On Sunday, The New York Times introduced the series “Degrees of Debt,” which examines “the implications of soaring college costs and the indebtedness of students and their families.”
Regular readers of The Choice would be highly interested in this article, as it examines some serious issues we’ve covered about college affordability, student debt and the roles that students, parents, colleges and lenders have played in the issue. It explores whether student lending is the next bubble that may cause an economic collapse; the rationale behind sticker prices and the actual prices that students typically pay; misleading financial aid letters that saddle students with $42,000 in loans; responsible lending practices; and whether college is even worth the cost.
It also examines how state funding has affected college costs and, ultimately, student borrowing. Ohio State University, for example, used to receive 25 percent of its financing from the state. That was in 1990. Today, state financing only accounts for 7 percent of its budget. “The consequence? Three out of five undergraduates at Ohio State take out loans, and the average debt is $24,840,” our colleagues report.
On the issue of affordability, more college marketing companies are promoting the premise that the expense will work out in the end; they choose their words wisely and “focus on the value of the education rather than the cost,” our colleagues write.
The piece begins with Kelsey Griffith, an Ohio Northern University graduate who owes $120,000 in student debt.
“As an 18-year-old, it sounded like a good fit to me, and the school really sold it,” she said. “I knew a private school would cost a lot of money. But when I graduate, I’m going to owe like $900 a month. No one told me that.”
The report examines how, over time, student debt has become a central part of the college experience. In 1993, The Times reports, 45 percent of students who earn bachelor’s degrees had to borrow money to pay for college. Nearly everyone has to borrow now; that percentage has soared to 94 percent. The report says:
With more than $1 trillion in student loans outstanding in this country, crippling debt is no longer confined to dropouts from for-profit colleges or graduate students who owe on many years of education, some of the overextended debtors in years past. Now nearly everyone pursuing a bachelor’s degree is borrowing. As prices soar, a college degree statistically remains a good lifetime investment, but it often comes with an unprecedented financial burden.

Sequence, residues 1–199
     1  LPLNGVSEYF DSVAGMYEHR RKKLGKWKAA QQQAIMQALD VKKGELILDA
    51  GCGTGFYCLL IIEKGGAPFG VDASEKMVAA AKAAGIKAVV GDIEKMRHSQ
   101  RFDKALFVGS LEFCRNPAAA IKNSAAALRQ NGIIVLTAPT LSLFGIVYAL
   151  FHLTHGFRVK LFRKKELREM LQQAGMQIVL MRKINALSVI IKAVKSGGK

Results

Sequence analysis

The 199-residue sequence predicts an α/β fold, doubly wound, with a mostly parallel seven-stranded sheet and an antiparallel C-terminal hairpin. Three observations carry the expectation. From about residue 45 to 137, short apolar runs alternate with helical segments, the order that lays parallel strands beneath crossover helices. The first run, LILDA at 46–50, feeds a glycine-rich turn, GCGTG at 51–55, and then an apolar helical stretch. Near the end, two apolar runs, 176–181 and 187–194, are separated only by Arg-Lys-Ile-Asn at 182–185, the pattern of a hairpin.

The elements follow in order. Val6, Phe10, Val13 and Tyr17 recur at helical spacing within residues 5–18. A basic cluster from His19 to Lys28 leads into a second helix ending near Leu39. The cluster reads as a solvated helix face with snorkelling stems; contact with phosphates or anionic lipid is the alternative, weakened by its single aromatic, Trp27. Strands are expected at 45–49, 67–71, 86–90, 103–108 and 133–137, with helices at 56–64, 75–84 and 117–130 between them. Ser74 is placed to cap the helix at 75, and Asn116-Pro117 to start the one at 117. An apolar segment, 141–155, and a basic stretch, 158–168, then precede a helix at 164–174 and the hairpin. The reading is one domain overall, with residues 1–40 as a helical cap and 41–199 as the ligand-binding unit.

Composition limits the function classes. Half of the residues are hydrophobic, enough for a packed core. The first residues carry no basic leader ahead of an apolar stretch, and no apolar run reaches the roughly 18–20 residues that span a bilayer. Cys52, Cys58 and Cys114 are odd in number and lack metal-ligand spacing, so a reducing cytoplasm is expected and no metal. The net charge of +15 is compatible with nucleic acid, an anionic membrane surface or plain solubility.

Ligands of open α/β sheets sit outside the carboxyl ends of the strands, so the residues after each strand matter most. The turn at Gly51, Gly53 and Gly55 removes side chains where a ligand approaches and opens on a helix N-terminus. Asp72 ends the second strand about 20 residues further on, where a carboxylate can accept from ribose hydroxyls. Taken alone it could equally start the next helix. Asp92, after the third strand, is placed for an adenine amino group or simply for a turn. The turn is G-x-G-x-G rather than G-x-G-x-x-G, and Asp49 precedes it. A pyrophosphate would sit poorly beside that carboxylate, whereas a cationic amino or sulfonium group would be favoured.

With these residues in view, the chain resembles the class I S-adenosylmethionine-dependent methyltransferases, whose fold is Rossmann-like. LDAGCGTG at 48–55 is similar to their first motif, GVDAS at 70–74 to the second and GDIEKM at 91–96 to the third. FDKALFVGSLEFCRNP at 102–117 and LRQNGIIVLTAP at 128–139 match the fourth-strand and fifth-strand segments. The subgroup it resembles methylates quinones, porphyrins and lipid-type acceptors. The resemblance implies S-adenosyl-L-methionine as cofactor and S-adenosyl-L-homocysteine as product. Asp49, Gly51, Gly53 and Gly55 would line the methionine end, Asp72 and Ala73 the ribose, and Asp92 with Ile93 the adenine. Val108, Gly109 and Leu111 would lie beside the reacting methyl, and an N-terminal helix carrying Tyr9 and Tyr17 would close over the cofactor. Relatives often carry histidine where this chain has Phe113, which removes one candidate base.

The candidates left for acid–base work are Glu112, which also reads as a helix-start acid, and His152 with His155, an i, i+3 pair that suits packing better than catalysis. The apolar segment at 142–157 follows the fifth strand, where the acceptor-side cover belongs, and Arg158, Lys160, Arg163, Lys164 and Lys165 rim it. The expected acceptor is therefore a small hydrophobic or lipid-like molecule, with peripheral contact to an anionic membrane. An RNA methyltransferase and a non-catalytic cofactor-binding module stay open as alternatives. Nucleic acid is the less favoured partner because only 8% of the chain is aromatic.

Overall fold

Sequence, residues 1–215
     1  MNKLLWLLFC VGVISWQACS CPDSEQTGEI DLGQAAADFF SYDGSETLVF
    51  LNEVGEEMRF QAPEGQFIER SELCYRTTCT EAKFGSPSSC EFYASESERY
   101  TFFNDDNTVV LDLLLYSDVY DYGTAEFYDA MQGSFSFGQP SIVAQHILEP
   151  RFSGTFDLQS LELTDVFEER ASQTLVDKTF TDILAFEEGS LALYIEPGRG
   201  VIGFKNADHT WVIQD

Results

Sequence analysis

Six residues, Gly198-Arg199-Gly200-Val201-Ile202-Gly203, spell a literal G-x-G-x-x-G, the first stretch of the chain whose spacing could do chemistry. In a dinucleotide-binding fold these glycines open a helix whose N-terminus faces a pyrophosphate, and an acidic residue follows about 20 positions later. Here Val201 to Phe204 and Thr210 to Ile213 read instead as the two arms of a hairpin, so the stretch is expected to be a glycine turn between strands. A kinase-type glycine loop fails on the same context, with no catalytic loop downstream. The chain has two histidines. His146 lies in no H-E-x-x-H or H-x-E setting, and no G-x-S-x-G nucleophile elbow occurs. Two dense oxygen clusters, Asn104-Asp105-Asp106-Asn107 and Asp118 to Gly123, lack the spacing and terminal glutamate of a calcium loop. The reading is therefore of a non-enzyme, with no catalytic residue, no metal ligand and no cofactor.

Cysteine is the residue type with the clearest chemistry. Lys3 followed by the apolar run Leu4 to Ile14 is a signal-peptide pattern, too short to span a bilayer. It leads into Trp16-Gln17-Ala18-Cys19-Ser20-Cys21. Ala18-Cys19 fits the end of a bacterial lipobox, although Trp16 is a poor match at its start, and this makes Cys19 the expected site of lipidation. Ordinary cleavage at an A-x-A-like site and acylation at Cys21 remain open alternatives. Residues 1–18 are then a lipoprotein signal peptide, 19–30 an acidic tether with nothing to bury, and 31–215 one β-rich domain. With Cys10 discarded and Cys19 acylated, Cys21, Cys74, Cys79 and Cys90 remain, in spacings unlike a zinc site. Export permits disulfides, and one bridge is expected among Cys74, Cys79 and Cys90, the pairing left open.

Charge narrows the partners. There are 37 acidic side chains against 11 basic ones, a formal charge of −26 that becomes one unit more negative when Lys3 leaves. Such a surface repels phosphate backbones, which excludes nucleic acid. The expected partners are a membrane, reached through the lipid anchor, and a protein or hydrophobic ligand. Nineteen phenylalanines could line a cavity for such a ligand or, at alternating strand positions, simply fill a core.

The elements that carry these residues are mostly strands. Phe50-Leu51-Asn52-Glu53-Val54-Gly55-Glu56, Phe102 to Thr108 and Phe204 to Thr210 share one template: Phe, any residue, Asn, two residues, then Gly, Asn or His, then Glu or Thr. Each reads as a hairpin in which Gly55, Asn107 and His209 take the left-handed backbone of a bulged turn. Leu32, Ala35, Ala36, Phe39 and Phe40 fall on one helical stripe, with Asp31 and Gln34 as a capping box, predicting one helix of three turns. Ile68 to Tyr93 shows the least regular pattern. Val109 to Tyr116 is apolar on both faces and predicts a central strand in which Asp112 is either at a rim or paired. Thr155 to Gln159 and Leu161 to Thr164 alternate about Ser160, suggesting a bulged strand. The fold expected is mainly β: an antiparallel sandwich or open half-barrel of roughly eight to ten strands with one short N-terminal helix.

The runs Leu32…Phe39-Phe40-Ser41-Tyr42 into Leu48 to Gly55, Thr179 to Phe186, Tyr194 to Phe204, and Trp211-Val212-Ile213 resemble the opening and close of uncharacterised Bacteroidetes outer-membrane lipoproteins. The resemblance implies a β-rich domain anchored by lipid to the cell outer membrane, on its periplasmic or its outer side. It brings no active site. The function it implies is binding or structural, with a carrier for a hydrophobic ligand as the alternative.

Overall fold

Ninety-four percent of students who earn a bachelor’s degree borrow to pay for higher education — up from 45 percent in 1993, according to an analysis by The New York Times of the latest data from the Department of Education. This includes loans from the federal government, private lenders and relatives.
For all borrowers, the average debt in 2011 was $23,300, with 10 percent owing more than $54,000 and 3 percent more than $100,000, the Federal Reserve Bank of New York reports. Average debt for bachelor degree graduates who took out loans ranges from under $10,000 at elite schools like Princeton and Williams College, which have plenty of wealthy students and enormous endowments, to nearly $50,000 at some private colleges with less affluent students and less financial aid.
The article also includes a detailed interactive chart that shows the increasing levels of student debt at colleges and universities around the country. The data go back to 2004 and allow users to customize the chart using a number of factors, including enrollment size, share of graduates with debt, graduation rates, and whether the school is public or private. It also provides data for a particular college or university, and displays your debt level, adjusted for inflation.
There has been overwhelming response to the piece, and our colleagues hope to hear from more readers about their experience with college loans, for future reporting for the series. Several experts have also weighed in on how, exactly, to control the rising levels of student debt and protect young borrowers from such big financial burdens. In a Room for Debate piece, experts weigh in on loan collection policies, controlling college costs, government spending, “reckless” for-profit colleges and better lending practices.